• Holiday Weekend Day: Friday July 2nd.  If that date wasn’t available for both points (at standard award pricing), and cash, the plan was to look next at Saturday July 3rd, and if that wasn’t available I would look at Friday November 26th (Thanksgiving weekend).  All of the properties I looked at were available on July 2nd at standard award pricing, so this was never an issue.

Results

May 5th 2021 Analysis
Point Value (Median) 0.40 cents
Point Value (Mean) 0.42 cents
Cash Price (Median) $225
Cash Price (Mean) $251
Point Price (Median) 60,000
Point Price (Mean) 58,730

The median observed point value was 0.40 cents per point.  This means that half of the observed results offered equal or better point value and half offered equal or worse value.  Another way to think about it is that without trying to cherry pick good awards, you have a 50/50 chance of getting 0.40 cents or better value from your Hilton points when booking free night awards.

Buying Points for Half a Cent Each

Hilton puts their points on sale for a half cent each so often that it would be crazy to buy points for more than that.  If there isn’t a sale going on when you need the points, wait a minute or two to see if one pops up.  But even then, is it a good deal?

If you have a specific award in mind where points are worth more than a half cent each, then it makes sense to buy points for that award.  The question I wanted to address here was whether it makes sense to buy Hilton points prospectively just to have enough around for whatever you need.  The answer seems to be no.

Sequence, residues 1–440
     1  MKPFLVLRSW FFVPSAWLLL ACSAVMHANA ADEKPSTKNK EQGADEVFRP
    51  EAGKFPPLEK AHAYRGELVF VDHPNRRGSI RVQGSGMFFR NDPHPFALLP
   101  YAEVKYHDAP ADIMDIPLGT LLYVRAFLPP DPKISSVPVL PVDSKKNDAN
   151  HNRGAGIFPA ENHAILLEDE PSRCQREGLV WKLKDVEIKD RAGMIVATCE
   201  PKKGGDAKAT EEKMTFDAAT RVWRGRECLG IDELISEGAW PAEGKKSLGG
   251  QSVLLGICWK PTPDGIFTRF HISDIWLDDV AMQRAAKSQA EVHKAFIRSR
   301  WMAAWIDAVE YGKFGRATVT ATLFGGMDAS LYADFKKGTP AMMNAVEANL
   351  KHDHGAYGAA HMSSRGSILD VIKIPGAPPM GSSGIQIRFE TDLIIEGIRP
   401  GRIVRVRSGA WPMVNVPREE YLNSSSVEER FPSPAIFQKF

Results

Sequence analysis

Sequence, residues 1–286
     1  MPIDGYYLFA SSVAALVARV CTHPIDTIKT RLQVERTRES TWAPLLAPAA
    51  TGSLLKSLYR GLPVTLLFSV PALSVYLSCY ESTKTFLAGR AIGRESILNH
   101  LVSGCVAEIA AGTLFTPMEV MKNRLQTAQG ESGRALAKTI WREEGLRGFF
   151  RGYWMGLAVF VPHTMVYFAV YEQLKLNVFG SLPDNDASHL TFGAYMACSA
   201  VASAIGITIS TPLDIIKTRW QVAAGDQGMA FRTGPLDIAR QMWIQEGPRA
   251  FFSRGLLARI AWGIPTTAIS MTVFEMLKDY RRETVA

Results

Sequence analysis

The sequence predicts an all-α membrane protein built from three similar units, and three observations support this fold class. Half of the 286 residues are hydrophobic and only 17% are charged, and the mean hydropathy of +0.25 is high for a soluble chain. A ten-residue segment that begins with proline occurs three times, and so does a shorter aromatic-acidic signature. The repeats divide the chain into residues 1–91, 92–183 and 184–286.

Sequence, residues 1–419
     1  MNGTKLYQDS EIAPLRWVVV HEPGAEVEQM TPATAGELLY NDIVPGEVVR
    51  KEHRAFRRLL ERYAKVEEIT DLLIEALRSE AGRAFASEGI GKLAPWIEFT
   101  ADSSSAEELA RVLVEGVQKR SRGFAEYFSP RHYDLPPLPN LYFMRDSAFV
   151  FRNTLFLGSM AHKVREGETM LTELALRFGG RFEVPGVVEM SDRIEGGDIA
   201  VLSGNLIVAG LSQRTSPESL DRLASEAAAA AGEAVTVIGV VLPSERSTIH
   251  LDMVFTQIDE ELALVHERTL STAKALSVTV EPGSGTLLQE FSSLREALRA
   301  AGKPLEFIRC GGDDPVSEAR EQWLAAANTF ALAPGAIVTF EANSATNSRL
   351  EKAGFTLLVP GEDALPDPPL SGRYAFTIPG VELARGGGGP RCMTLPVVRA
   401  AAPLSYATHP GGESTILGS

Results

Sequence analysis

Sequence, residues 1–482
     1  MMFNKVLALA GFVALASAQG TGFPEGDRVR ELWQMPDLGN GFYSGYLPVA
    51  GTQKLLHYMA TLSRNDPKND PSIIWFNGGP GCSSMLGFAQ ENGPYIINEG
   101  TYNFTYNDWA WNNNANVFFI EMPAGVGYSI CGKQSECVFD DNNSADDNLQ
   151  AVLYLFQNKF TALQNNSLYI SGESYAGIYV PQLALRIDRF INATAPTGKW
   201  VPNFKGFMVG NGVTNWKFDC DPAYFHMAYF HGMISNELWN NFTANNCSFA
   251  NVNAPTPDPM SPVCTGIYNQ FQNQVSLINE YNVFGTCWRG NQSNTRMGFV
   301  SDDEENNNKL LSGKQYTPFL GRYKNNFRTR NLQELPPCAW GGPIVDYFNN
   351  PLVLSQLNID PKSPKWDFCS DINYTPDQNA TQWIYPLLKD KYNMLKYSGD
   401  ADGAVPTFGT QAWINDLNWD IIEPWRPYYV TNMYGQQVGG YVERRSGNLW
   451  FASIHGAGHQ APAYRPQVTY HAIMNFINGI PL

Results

Value when buying points at 0.5 cents each Percent
OK Value: Percent greater 0.50 cents per point 16%
OK Value: Holiday Weekend percent greater than 0.50 29%
Good Value: Percent greater 0.60 cents per point 3%
Good Value: Holiday Weekend percent greater than 0.60 5%

In the table above, I showed the percentage of observations where the observed awards offered OK or good value if you had purchased points at half a cent each.  I defined OK value as anytime the award offered better than half a cent value.  In other words, if you used your purchased points for these awards you at least wouldn’t have lost money on the deal (and maybe you’d come out ahead if a cash rate would involve high resort fees, for example).  And I defined good value as anytime the award offered better than 0.6 cents per point value.

As you can see above, only 16% of awards offered OK value and only 3% offered good value.  The numbers were slightly better if I looked only at holiday weekend numbers where cash prices tend to be higher.  In that case, 29% of the awards offered OK value and 5% offered good value.

No matter how you slice it, the chance of randomly getting good value from purchasing Hilton points at a half cent each is very low.  Of course, those who cherry-pick their use of points can do much better.

New Reasonable Redemption Value

Our Reasonable Redemption Value (RRV) for Hilton points was previously set to 0.45 cents per point.  RRV’s are intended to be the point at which it is reasonable to get that much value or better for your points.  Therefore, I believe that the median observed value is a good choice for our RRV…

Reasonable Redemption Value for Hilton: 0.4 cents per point

Conclusion

Based on the latest analysis, I’ve dropped our Hilton RRV to 0.40 cents per point.  The idea is that you have equal chance of getting that much value or more from your award stays.

Additionally, my usual recommendation against buying points without a plan for using them has been strengthened considerably.  The chance of randomly getting much better than half a cent per point value from Hilton points is much lower than I would have guessed.